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Product Details

  • Paperback: 276 pages
  • Publisher: Avalonia (February 23, 2013)
  • Language: English
  • ISBN-10: 1905297300
  • ISBN-13: 978-1905297306
  • Product Dimensions: 6.7 x 0.6 x 9.6 inches
  • Shipping Weight: 1 pounds (View shipping rates and policies)
  • Average Customer Review: 4.5 out of 5 stars  See all reviews (2 customer reviews)
  • Amazon Best Sellers Rank: #1,384,005 in Books (See Top 100 in Books)

More About the Author

Payam Nabarz is author of 'The Mysteries of Mithras: The Pagan Belief That Shaped the Christian World' (Inner Traditions, 2005), 'The Persian Mar Nameh: The Zoroastrian Book of the Snake Omens & Calendar' (Twin Serpents, 2006), and Divine Comedy of Neophyte Corax and Goddess Morrigan (Web of Wyrd, 2008). He is editor of 'Mithras Reader An academic and religious journal of Greek, Roman, and Persian Studies': Volume 1(2006), Volume 2 (2008), Volume 3 (2010). He is also the author of 'Stellar Magic: a Practical Guide to Rites of the Moon, Planets, Stars and Constellations' (Avalonia, 2009), and 'Seething Cauldron: Essays on Zoroastrianism, Sufism, Freemasonry, Wicca, Druidry, and Thelema' (Web of Wyrd Press, 2010). He is the editor of 'Anahita: Ancient Persian Goddess and Zoroastrian Yazata' (Avalonia, 2013).

Dr Nabarz's writings have also appeared in numerous esoteric magazines including Touchstone (the Journal of Order of Bards, Ovates, Druids), Pagan Dawn (the Journal of the Pagan Federation), Stone Circle, The Little Red Book, Pentacle, White Dragon, Silver Star, Cauldron, Fezana (Zoroastrian Journal), and the Sufi Magazine.

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4 of 4 people found the following review helpful By S. Cranow on October 18, 2013
Format: Kindle Edition Verified Purchase
Payam Nabarz has compiled a nice size collection of authors and essays about the
Mazdean Goddess Anahita. Starting out as the head goddess in the Iranian Mazdean
religion Anahita found herself fluctuating in importance depending on the
religio-politics of the time .

Despite the fact that Iran is a Muslim country traces of Anahita's reverence can
still be seen. Pregnant women go to her shrines for a safe and easy delivery.
Female saints are bit thin disguises of who she is.

Often times compared to the Mesopatamian Ishtar or Inanna. She is a goddess of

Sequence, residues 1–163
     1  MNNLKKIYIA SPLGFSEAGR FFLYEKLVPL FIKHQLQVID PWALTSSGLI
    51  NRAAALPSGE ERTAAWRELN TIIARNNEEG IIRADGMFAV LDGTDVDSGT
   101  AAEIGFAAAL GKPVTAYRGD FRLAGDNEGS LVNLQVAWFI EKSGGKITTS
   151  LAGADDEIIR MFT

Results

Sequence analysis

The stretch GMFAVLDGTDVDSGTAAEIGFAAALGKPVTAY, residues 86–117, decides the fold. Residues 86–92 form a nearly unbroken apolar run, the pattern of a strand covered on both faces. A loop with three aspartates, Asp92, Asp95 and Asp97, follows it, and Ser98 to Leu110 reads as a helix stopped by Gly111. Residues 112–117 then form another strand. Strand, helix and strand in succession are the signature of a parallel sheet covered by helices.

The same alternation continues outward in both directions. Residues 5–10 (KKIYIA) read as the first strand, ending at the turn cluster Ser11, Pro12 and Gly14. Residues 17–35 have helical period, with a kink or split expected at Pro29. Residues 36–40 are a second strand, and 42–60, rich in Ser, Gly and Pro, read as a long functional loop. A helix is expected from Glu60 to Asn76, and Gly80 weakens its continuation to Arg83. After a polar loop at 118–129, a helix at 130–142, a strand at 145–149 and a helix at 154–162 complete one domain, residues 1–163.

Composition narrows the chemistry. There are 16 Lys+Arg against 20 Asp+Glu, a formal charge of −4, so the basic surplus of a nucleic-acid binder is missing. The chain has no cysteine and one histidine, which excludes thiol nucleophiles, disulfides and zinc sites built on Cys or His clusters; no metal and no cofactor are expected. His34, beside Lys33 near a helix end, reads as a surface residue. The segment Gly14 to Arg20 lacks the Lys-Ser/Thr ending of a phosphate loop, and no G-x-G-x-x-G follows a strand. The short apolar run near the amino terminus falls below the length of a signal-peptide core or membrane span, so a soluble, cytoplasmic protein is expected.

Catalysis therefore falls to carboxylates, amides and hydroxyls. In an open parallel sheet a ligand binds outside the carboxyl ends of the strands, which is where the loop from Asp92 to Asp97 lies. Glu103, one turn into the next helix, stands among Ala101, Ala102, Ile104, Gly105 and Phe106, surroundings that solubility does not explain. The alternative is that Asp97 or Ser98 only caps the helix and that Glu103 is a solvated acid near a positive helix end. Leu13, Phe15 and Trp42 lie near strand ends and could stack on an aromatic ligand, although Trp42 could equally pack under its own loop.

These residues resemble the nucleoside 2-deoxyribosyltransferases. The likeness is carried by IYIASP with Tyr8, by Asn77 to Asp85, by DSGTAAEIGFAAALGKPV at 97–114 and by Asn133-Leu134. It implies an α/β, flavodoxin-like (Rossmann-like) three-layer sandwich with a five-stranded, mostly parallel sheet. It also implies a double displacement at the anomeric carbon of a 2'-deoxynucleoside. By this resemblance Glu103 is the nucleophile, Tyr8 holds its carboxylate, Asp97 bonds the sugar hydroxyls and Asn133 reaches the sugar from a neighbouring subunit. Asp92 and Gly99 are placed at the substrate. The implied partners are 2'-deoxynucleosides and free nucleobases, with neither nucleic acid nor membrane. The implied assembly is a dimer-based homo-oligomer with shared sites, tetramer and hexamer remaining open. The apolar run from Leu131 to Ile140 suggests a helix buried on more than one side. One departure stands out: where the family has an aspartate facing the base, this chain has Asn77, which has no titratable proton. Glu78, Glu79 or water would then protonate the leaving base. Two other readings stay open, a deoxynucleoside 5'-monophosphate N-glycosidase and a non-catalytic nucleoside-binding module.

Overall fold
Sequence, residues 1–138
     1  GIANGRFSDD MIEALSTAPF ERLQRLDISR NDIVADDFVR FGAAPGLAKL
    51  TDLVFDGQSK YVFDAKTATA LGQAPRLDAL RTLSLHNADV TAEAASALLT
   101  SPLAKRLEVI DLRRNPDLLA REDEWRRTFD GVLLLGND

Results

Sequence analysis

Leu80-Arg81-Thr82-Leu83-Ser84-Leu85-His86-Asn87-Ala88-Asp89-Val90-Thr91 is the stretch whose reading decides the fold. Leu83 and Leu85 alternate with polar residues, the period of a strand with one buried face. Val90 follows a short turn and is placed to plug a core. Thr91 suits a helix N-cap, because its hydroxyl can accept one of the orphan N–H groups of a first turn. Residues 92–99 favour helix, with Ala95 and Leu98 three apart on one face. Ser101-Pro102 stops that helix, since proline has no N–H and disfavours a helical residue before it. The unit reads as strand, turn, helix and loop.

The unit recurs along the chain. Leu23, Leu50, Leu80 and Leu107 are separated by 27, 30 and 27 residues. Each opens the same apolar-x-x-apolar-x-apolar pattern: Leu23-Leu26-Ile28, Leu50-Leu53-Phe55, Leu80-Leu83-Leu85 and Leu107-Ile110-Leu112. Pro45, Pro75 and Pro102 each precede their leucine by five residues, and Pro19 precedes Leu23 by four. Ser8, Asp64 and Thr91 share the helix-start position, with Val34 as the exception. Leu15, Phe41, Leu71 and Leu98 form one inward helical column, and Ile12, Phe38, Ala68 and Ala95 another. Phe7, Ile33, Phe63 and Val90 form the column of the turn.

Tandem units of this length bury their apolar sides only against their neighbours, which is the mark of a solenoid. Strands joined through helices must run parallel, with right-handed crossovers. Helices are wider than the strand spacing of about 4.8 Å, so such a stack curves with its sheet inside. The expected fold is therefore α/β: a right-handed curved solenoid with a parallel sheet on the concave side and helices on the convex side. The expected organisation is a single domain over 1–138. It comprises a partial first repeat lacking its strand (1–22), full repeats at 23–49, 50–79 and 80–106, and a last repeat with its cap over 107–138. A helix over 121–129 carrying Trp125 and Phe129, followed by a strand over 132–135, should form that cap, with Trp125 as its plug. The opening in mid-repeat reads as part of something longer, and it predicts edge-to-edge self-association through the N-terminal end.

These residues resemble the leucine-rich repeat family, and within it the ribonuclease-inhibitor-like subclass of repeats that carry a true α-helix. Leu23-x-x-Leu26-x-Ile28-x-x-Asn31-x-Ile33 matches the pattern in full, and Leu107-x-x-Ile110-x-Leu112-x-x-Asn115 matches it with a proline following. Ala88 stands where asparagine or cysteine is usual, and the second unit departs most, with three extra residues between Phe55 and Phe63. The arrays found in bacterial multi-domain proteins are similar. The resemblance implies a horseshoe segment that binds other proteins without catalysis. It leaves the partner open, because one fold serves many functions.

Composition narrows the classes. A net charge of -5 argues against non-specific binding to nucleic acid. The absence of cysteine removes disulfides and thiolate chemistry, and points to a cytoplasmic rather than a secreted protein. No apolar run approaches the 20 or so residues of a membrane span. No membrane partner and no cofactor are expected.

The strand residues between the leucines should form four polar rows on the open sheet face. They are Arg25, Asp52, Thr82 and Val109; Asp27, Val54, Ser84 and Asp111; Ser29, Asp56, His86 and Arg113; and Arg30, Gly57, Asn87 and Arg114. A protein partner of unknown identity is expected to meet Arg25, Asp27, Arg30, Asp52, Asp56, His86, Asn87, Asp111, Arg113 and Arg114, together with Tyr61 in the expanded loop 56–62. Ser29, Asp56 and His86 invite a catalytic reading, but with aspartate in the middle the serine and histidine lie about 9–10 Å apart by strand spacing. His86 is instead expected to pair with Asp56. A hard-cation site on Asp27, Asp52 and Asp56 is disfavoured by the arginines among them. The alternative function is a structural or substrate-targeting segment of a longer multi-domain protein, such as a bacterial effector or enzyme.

love and war. Her symbols include the eight pointed star, Lions, beaver pelt and
sword sheath hanging from her side.

Like Aphrodite and Venus she is also a goddess of water. Being most likely a
river goddess, many shrines were dedicated to her that were right beside rivers
and hot springs. The hot springs with there varying Radon and mineral content
were often used for hydrotherapy. Her planet is Venus so Anahita is a Venusian
goddess .

Zarathustra came up with Zoroastrianism . Zoroastrianism is the monotheistic
version if Mazdeanism. Ahura Mazda is the head god while Ahriman is like the
devil. Such religious ideology had a massive impact on monotheistic religion
like Judaism.

Even with the elimination of many gods Anahita found herself at the second place
if the trinity. She is the virgin mother of Mithras. Bestower of sovereignty by
bequeathing the sword and rings of power.

Reading through this book you will see the Iranian influences if Iran on Western
Pagsnism, Christianty and Far Eastern Buddhism. Lady Anahita is the lady and
Mithras is The Lord .
Read more ›
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1 of 1 people found the following review helpful By tomtobias on May 1, 2014
Format: Paperback Verified Purchase
I found especially noteworthy the discussion of hot mineral springs, developed for medicinal purposes, and associated with Anahita--pages 184-189.

The account focuses on the time period of the Achaemenid Empire, without however, delineating the archaeological evidence precisely. It is a worthwhile discussion, but falls short in summarizing evidence.

The other aspect of this very important heritage of the Persian influence on ancient Greece and Egypt, involves Hippocrates' who described the virtues of water immersion, for healing of wounds and injuries. It would have been instructive to learn more of the interaction between the Persians, Hindus, Greeks, and Egyptians.
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